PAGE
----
His Eminence Malcolm Cardinal Ranjith: Because we are all people, anchoring the soil of a country and of a place. We have been blessed to be born in this country and in this country, the basic heritage and history is all linked with Buddhism. Most of what we are as a Sinhalese for example, we have garnered from a Buddhist cultural angle, a spiritual angle, which influenced us, even though we may not practice Buddhism directly. But many things that we do in our day to day life reflect Buddhist values. Therefore, we have to accept that heritage. But it does not mean that we have to think only of a mono cultural social set-up. We have to learn to have that maturity and prudence and intelligence to understand that inside this so-called cultural heritage, or if I call it the ‘tree’, inside this tree, as the branches, all of us have to contribute to the wellbeing of the main tree. The main tree has to look after the branches and the branches have to strengthen the main tree. In this country, we have to learn to appreciate our history and heritage but at the same time, appreciate the differences that exist. We cannot create a mono cultural society in such a place, because we have thousands of years of history together. That is why it is important for us to recognize the value of Buddhism and then also learn to appreciate it. At the same time learn to integrate ourselves into that fabric while expecting the major community to respect the different aspirations of other smaller groups.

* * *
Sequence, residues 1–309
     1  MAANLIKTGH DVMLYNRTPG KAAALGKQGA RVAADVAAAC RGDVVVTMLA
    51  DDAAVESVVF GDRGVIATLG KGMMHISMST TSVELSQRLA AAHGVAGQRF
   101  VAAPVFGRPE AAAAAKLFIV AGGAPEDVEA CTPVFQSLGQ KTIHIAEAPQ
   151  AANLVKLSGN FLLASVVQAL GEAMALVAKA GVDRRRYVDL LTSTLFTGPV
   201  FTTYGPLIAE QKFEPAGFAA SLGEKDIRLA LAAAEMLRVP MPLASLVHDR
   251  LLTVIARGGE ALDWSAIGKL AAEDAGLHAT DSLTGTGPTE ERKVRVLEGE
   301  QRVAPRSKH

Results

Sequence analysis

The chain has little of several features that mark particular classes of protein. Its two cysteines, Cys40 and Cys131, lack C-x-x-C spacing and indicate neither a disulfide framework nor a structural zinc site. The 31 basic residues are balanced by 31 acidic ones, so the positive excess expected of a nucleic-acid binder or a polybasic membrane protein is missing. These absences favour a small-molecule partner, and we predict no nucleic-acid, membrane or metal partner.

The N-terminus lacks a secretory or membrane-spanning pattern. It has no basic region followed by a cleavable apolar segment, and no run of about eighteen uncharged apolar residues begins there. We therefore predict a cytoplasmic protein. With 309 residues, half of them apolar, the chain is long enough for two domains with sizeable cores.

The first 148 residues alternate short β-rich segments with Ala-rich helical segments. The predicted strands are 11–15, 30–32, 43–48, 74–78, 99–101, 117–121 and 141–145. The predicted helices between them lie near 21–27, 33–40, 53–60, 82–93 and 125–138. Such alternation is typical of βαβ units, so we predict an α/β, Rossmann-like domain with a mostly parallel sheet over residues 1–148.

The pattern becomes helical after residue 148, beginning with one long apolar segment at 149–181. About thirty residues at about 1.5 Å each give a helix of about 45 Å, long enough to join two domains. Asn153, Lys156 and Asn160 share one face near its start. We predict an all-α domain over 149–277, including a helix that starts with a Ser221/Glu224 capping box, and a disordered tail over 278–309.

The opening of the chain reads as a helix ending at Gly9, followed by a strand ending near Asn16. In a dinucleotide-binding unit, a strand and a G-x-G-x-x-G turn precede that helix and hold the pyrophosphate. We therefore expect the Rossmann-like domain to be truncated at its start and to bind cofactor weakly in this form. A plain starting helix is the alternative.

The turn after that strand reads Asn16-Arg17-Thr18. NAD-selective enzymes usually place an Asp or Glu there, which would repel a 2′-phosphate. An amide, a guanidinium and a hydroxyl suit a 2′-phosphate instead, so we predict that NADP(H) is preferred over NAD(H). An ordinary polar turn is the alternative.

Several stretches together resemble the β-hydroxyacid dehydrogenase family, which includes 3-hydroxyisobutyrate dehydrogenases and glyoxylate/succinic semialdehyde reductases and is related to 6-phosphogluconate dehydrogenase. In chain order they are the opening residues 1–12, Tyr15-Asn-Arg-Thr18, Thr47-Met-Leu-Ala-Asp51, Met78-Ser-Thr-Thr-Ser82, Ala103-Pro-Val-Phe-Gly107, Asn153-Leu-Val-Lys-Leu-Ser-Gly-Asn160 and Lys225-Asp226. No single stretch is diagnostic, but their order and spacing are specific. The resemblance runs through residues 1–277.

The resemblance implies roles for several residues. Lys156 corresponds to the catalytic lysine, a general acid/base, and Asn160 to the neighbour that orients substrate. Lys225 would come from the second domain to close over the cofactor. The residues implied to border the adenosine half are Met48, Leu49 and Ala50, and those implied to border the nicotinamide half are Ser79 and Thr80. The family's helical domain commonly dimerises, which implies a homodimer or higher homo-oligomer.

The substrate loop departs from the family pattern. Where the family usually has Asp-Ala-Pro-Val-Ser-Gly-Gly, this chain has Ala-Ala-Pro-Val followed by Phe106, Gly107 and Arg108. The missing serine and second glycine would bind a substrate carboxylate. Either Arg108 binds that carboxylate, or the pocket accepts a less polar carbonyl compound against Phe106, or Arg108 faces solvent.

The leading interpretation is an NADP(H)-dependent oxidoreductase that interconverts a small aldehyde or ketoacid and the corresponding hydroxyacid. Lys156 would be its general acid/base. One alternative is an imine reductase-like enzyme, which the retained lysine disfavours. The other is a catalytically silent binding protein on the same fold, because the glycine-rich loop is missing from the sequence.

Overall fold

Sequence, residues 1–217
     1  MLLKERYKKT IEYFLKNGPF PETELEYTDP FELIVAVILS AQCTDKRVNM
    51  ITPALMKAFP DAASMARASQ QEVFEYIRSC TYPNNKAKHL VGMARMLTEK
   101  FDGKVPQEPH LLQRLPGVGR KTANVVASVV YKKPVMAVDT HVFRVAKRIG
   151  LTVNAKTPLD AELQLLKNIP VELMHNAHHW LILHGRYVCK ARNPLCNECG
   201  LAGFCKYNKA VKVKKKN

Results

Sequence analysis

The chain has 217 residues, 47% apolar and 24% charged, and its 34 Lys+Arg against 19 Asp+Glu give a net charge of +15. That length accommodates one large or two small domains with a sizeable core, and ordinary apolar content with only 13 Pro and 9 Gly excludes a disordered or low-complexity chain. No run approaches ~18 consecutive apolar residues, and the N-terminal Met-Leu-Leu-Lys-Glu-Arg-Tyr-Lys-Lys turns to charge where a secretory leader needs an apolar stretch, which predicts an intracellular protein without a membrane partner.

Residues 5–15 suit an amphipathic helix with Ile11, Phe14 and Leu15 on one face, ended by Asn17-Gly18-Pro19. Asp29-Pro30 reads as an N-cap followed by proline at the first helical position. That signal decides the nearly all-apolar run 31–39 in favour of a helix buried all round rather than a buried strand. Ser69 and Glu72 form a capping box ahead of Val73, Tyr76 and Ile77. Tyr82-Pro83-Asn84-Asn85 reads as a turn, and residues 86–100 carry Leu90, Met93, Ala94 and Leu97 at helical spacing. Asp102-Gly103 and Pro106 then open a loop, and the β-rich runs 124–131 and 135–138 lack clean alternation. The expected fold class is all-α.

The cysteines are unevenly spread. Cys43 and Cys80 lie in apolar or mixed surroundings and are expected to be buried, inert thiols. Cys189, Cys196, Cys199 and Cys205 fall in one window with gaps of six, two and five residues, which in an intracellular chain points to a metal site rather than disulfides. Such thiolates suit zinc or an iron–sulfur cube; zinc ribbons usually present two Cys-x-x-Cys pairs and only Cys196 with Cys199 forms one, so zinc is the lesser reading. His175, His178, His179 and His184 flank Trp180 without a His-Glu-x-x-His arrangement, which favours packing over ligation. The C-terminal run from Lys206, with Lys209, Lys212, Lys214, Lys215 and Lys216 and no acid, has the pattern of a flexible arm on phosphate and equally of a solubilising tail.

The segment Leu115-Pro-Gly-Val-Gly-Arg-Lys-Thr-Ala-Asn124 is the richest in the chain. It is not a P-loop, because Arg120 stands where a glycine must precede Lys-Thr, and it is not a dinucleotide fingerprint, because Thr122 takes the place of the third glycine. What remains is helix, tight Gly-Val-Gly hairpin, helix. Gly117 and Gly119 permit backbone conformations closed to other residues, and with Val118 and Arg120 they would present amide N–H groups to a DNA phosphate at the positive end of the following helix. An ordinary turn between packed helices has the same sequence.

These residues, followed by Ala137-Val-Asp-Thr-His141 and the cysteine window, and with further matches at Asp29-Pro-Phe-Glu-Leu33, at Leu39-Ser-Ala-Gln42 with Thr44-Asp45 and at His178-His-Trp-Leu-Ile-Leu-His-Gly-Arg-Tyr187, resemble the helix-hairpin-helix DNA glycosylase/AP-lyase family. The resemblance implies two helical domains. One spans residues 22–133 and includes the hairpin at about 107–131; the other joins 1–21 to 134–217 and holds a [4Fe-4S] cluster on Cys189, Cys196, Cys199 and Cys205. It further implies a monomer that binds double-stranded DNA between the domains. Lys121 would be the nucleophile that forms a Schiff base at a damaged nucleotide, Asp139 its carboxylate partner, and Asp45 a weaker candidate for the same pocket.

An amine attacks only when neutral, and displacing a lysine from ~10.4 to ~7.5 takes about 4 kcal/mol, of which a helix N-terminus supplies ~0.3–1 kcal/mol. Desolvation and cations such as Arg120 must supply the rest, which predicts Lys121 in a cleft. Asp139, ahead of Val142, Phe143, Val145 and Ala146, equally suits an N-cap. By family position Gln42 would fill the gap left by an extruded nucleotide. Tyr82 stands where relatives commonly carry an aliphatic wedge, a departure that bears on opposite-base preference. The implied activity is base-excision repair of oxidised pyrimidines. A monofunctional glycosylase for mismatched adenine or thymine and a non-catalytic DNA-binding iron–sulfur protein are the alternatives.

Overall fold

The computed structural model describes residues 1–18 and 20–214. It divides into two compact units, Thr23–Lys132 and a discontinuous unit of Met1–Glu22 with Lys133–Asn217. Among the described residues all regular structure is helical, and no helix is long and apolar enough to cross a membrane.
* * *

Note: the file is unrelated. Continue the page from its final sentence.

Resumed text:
MM: You have also taken a lead in interfaith activities. You mentioned it in the context of trying to find peace in the North as well. Recently you have been very active as well. Could you talk about that as well?